The average person works a typical eight-hour day. Yet many people expect their work not just to ensure their existence, but also to give them meaning and purpose in life.
How do you exit the rat race and find something that’s fulfilling to return to every day? Utopia presents five suggestions.
1. Step Off the Treadmill with a Four-Day Workweek
How about starting with simply working less? Researcher Alex Williams at the University of London wants to see the extinction of classic 40-hour workweek. “Imagine if … we had a three-day weekend every week,” he swoons in The Conversation. The four-day workweek would clearly result in more free time for everyone, but Williams also theorizes that this would further be good for the environment. He calculates that one less day of work per week saves the energy not only of twenty percent of the commutes, but also an entire day of electricity needed to power every office.
But most of all, we would profit personally from such a change: less work stress would lead to better physical and psychological health. We would all have more time for our friends, families, exercise, and hobbies. The third weekend day, for example, could be used to make more things ourselves rather than buying them – one possible way in which any wage adjustments could be balanced out.
A four-day week could result in an incredible increase in personal freedom – assuming, of course that your employer and your budget will allow it. Consider the possibility and discuss with your employer if a reduction in hours would be possible – it never hurts to ask.
2. Find Work that Does Good
You’re unsatisfied with what you’re doing every day? You’d like to find a position in which you’re helping the greater good? This seemingly abstract desire can quickly be translated into a concrete job: numerous “green” job portals make it possible to hone in on meaningful employment opportunities more easily than ever. Job listings come from renewable energy companies, various non-profit organizations, foundations, development projects, or sustainable enterprises, for example.
- Greenjobs: listings for environmental specialists, offers volunteer positions abroad
- The Changer: its tagline is, “Jobs for people who change the world”
- DevNetJobs: positions in the development sector
- Escape the City: interesting site for everyone who’s looking for more meaning in their work – offers more than green job listings
3. Jobsharing: Two People, One Desk
Another way to change the pace and structure of your work is through jobsharing, in which two employees share one position. Tandemploy is one site where people interested in jobsharing can search for one another. The site also lists companies that are open to jobsharing positions. Once you’ve teamed up with your ideal work partner, you can apply together directly for positions of interest. You and your partner could decide, for example, that one of you works three days per week and the other two. One practical benefit: during vacations or extended illnesses, the perfect substitute is already in place. Not only does the company benefit from two people who know the ins and outs of their position, they also take advantage of twice the knowledge, problem-solving skills, and creativity.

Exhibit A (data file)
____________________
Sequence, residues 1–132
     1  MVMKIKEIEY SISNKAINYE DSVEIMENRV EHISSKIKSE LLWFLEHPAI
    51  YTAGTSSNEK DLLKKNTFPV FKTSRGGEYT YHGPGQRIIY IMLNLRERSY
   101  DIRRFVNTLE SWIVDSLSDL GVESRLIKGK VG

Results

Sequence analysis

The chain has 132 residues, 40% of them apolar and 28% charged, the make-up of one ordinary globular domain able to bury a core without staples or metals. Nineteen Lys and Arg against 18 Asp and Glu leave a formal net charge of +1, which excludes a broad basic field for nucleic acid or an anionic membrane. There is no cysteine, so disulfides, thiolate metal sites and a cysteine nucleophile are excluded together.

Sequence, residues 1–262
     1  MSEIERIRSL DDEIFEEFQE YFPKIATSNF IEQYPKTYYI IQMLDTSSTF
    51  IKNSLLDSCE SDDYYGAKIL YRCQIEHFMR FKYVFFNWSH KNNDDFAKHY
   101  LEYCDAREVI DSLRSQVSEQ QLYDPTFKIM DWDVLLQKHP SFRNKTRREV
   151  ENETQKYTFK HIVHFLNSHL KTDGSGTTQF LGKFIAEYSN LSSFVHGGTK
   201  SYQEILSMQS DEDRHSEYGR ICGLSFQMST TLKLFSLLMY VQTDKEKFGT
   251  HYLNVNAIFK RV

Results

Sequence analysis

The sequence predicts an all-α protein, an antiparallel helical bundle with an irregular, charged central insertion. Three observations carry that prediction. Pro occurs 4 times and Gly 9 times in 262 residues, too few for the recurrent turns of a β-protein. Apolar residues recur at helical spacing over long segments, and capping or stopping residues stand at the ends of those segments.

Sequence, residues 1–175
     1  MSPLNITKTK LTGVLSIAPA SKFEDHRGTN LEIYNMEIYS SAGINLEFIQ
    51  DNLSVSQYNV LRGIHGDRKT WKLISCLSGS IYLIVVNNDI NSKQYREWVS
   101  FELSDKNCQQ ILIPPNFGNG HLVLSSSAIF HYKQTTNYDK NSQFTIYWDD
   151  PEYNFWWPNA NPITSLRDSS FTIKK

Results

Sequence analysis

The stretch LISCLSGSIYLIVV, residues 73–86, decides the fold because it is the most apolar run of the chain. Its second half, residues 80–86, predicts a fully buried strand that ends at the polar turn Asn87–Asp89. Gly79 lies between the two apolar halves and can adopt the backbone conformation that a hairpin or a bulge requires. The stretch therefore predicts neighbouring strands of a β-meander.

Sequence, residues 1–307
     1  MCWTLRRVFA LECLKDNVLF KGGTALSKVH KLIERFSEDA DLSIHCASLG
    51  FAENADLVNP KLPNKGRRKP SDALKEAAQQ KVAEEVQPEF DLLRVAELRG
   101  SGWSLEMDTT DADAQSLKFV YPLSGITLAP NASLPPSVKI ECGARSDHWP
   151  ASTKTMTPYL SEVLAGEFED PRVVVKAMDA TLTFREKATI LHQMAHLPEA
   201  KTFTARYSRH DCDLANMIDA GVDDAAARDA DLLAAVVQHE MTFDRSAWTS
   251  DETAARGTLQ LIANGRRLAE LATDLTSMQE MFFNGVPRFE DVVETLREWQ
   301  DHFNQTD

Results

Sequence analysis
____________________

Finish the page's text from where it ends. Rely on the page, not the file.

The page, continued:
The team at Tandemploy wants to make it possible to translate traditional full-time positions into functional part-time teamwork – even complex positions within leadership structures. Last but not least, jobsharing ensures each worker has more time for other paid or volunteer work, for their familial responsibilities, or simply for themselves.
4. Standing Still? Try Continuing Ed
If you feel you’re in a dead end, reactivate your brain: begin living the idea of lifelong learning. Why not start a new degree program, or go to university for the first time? Your age isn’t a barrier. There are lots of retirees auditing university courses that will make you look like a spring chicken!
You don’t even need to take up a full program of study – just a few continuing education courses can help you get out of a rut. Numerous online offerings – also called Massive Open Online Courses, or MOOCs – offer university-level courses via videos and readings you can access from home. Two well-known sites are Coursera and Edx. TED is another platform with video presentations in a variety of fields.
5. Give your Dream Job a Test Run
What did you think you wanted to be when you grew up? Park ranger, zookeeper, gold miner, or tailor? The website Descape offers working excursions worldwide.
Descape takes you beyond your desk and into a wide variety of possible working worlds, alongside wildlife rangers, foresters, wine makers – whatever your heart desires. There are many existing offerings, but it’s also possible to place a request for your desired job directly with Descape.
Escaping reality does have its price, however; seven days as a wildlife ranger in Costa Rica, for example, costs around $900. But there are cheaper offers available, such as a day with a custom jeans tailor for $100 or carpenter for $130.
These externships offer a break from your everyday and are guaranteed to get you thinking outside the box. And getting enough distance from your daily routines is sometimes enough to inspire reflection on and creative solutions to your current employment dilemmas.
by Victoria Scherff